AOL has gone from ugly duckling to swan, says MediaPost. Even advertisers are now praising “the division”, which, indeed, has made several tough but important changes in the past few years:
- Phasing out “Rainman” technology and walled garden in favour of open HTML
- Taking the medicine w/r/t dying dial-up subscription business
- Building rocking celebrity gossip site TMZ
- Beginning to overhaul awful email and other sections
- Cool video offerings, thanks to exclusive content deals (no thanks to parent Time Warner’s “no synergy” policy)
- Making smart acquisitions (Advertising.com, Tacoda)
- Making management changes that are actually working out (We, for one, were terrified when Jon Miller was ousted to make room for Randy Falco. But the old media bigwig ain’t doing so bad!). Most important change: new management feels free to see–and acknowledge–reality
- Plans to open up AIM and invest in Mapquest
- Fewer display ads, more search.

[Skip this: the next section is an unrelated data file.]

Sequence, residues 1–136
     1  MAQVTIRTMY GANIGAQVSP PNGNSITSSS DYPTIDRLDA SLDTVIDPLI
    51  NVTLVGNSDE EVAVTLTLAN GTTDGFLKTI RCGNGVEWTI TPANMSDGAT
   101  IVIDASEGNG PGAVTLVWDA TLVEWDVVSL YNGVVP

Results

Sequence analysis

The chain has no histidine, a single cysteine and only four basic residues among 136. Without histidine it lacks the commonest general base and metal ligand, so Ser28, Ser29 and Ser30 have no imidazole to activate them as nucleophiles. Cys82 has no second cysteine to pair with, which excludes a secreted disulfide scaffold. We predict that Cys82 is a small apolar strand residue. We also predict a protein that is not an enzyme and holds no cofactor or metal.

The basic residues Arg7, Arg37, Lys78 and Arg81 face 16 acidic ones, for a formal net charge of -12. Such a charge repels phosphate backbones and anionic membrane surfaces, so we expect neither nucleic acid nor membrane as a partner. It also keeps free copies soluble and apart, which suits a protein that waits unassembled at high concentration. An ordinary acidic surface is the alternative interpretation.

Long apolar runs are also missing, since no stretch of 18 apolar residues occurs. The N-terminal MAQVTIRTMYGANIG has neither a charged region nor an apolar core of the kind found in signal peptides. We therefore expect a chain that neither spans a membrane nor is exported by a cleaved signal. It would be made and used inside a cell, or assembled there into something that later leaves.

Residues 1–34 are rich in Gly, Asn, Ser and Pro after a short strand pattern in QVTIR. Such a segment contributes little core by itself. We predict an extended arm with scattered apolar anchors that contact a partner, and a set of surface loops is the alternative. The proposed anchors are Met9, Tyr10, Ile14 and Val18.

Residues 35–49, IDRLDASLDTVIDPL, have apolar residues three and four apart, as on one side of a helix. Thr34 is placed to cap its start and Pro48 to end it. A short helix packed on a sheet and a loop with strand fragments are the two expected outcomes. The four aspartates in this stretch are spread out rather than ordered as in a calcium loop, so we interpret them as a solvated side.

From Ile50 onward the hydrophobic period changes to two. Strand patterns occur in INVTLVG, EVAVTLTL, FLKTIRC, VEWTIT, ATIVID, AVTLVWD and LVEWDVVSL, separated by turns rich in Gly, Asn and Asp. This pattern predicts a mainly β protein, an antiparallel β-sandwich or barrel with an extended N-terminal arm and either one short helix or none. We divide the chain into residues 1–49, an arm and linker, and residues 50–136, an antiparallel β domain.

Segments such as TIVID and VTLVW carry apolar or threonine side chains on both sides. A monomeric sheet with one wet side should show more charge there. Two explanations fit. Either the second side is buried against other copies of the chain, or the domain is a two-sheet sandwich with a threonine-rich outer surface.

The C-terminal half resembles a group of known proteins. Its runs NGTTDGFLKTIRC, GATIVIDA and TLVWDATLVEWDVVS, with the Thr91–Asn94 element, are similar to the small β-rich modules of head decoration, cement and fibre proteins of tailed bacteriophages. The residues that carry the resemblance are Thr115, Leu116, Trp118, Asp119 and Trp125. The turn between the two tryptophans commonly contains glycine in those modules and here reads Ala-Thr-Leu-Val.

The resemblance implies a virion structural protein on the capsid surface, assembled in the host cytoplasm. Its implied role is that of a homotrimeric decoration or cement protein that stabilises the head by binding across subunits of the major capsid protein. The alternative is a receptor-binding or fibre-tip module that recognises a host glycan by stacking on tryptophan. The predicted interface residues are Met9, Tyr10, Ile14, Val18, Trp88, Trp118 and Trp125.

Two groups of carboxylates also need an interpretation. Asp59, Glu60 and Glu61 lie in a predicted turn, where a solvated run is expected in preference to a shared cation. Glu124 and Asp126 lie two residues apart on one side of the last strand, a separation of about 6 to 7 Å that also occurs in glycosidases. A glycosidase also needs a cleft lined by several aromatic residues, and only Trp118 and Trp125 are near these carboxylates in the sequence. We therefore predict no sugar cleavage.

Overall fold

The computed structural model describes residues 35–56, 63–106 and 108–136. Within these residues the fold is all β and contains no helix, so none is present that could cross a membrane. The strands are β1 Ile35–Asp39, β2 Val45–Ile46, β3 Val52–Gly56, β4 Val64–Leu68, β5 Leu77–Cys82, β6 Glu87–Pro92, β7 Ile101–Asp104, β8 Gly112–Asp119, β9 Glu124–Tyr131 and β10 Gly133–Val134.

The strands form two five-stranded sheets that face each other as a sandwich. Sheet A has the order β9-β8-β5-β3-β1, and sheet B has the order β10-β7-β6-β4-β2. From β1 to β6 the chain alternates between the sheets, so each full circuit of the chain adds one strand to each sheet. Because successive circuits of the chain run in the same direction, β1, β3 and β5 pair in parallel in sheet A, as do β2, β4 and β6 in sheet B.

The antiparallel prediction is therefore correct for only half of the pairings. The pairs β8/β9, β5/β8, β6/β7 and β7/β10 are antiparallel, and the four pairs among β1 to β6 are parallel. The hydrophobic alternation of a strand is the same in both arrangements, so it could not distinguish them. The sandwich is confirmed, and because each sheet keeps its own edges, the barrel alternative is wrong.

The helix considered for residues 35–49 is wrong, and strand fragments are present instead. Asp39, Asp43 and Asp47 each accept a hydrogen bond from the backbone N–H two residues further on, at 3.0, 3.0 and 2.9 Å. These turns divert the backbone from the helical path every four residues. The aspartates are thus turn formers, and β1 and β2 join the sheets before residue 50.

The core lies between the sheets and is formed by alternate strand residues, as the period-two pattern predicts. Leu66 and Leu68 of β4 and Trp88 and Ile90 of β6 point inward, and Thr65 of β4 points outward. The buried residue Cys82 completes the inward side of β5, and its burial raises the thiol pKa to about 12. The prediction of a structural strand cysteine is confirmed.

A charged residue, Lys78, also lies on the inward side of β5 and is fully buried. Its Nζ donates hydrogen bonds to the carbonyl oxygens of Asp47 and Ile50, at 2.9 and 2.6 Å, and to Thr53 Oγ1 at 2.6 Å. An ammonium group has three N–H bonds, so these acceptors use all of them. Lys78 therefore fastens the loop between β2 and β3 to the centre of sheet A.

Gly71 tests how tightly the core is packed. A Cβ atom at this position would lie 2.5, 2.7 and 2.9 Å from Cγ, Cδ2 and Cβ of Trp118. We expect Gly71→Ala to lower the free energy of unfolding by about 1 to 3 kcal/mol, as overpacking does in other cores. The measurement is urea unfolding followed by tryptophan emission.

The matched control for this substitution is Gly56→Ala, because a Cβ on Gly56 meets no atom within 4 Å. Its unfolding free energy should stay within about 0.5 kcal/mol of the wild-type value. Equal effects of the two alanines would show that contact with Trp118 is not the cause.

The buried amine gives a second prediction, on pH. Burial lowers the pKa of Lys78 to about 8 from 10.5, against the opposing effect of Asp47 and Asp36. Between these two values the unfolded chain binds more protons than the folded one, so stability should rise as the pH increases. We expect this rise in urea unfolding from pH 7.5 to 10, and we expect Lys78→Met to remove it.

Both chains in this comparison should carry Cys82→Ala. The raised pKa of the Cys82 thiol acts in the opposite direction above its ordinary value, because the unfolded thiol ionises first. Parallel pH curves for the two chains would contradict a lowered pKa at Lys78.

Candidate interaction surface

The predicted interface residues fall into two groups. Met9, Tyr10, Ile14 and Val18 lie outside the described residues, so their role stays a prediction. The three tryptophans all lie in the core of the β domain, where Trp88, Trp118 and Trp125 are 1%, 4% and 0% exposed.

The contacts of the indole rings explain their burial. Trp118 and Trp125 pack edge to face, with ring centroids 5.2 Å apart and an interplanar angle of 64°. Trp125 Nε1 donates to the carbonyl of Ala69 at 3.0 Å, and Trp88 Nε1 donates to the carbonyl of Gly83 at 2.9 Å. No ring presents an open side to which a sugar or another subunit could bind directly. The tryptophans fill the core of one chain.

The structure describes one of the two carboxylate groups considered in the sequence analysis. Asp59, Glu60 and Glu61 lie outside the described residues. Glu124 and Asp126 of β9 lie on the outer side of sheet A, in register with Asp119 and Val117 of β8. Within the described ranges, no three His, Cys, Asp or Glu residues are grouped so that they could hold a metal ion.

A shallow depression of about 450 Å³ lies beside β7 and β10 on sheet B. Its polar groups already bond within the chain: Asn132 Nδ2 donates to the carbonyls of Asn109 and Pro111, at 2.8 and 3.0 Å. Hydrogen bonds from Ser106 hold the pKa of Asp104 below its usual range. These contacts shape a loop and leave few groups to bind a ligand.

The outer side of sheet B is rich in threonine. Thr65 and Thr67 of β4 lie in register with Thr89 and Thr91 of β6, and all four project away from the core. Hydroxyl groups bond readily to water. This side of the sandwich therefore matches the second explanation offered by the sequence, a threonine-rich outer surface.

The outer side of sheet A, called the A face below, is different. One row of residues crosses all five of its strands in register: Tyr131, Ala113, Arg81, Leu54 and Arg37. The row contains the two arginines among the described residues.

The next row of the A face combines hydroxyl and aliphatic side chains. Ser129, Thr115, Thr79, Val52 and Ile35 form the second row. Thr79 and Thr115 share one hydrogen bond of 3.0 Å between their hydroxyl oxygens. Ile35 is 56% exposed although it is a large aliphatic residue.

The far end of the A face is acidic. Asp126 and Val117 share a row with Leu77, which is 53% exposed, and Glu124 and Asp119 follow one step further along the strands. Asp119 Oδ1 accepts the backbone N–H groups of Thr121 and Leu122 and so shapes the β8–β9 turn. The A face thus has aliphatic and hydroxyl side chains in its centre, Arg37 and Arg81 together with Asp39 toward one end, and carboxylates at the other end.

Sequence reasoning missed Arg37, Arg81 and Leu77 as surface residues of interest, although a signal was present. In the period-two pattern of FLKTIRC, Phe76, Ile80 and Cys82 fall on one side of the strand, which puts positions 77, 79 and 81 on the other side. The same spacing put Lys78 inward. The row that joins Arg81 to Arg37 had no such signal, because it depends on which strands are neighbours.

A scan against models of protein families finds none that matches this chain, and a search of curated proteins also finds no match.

This is not to say that there isn’t still major work to be done–namely, broadening the user base beyond teens and 1990s dinosaurs who are still hanging on. Praise from advertisers is nice, but it’s also irrelevant if the company can’t attract new users.
Not so bad, not so bad!
But pay attention, Yahoo. Another couple of quarters of bumbling and executive departures, and you’ll be just as far behind the eight-ball as AOL ever was. But if AOL can crawl its way out, then so can you.
Fortune’s Paul LaMonica also recaps AOL’s last twelve months and previews Aug 1’s quarterly results: AOL must post year-over-year ad growth of 30%-40%, or Wall Street will once again throw in the towel.